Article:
Saturday, 31 July 2010

One-on-One Combats, and getting spectators involved

Today I got to thinking about having battles (in D&D, but the same general principles should apply to other games) between two PCs, or a single PC and a single bad guy, while the rest of the party look on.

Such things are really boring. I've seen a few myself, and they've never really been satisfying. Where a multi-person combat gets all the players involved, and means that teamwork is an important and fun part of the fight, duels tend to be lacking in such elements, and tactics tend to go out on the window in favour of "let's see who can roll higher".

My thoughts on solutions for the lack of tactics/prevalence of "who can roll higher?":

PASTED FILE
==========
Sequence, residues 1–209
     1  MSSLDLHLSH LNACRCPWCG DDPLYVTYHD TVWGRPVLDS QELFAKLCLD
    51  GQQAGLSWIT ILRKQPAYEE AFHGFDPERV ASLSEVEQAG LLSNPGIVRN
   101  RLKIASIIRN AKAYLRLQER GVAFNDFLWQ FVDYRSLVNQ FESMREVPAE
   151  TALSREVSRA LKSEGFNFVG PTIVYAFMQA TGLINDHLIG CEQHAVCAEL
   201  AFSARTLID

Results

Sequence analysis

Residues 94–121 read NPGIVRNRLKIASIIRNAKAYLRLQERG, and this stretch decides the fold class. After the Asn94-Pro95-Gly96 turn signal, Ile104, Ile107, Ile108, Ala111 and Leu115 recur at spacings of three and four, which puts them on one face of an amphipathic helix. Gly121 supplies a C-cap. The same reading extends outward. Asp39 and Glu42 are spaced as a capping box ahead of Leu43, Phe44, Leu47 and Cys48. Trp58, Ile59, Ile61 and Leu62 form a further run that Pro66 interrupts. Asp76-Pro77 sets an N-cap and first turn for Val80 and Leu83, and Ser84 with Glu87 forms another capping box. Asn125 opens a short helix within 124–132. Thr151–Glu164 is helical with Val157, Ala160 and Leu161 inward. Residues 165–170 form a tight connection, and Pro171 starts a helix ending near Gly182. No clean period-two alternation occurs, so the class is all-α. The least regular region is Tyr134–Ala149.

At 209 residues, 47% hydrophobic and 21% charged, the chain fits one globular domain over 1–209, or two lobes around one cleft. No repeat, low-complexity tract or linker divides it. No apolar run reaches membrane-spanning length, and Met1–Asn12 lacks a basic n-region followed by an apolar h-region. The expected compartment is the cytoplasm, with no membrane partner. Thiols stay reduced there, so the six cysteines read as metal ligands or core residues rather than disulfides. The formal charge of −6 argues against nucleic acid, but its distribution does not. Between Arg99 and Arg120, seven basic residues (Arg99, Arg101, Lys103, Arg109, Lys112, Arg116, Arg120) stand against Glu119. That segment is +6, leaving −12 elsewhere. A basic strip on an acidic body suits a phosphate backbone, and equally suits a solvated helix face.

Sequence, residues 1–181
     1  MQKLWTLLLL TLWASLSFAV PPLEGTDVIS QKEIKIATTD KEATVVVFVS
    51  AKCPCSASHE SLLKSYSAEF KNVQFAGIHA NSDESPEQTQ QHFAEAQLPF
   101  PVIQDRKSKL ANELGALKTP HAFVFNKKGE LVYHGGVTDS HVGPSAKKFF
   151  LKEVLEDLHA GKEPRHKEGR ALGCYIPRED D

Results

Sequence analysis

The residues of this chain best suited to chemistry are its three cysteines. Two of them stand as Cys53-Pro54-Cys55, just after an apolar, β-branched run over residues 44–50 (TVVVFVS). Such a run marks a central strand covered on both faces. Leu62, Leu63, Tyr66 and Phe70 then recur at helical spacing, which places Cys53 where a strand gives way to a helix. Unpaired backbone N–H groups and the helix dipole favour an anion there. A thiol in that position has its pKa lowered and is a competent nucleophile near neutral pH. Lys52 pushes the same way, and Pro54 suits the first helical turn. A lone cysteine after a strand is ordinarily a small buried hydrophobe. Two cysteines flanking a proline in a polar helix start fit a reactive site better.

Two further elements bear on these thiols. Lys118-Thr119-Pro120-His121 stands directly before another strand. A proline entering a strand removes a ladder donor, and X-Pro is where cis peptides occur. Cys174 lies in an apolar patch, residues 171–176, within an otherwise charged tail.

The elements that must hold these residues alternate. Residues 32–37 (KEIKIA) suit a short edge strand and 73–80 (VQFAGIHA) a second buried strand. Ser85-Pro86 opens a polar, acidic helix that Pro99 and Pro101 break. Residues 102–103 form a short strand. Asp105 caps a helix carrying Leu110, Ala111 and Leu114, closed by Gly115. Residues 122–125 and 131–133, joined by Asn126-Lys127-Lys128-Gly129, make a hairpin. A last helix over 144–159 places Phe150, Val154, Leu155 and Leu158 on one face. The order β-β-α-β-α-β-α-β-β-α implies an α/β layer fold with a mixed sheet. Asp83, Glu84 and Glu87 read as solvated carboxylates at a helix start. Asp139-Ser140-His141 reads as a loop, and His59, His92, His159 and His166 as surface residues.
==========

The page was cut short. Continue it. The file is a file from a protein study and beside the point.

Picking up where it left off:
• Everybody has to move at least one square (or whatever) every round, and the terrain on which the duel takes place should be at the very least, varied in elevation, if not studded with things that can be used for cover. Sword fights in movies are never static
  • Raising the stakes should be used.
And now getting the other players involved:

Each player, at the start of every turn, gets to assign a small bonus to his favoured fighter. If you like an in-game explanation for this, it could represent cheering him on. Pick one of the following:
  • +1 damage on all attacks
  • +2 AC
  • +3 temporary HP
Obviously, this works best if either the non-combatant PCs are divided in their allegiance, or they're all cheering on a single heavily out-matched fighter. If, however, you want a more fair fight, even with all the player spectators backing the one warrior, then have each boost picked for one warrior apply the next boost down the list to the other (eg. giving Sir Applegate +1 damage gives Blargwin the Black +2 AC, while giving Sir Applegate +3 HP gives Blargwin the Black +1 damage).

I suspect the list above could do with expanding, but I think it's a good start.

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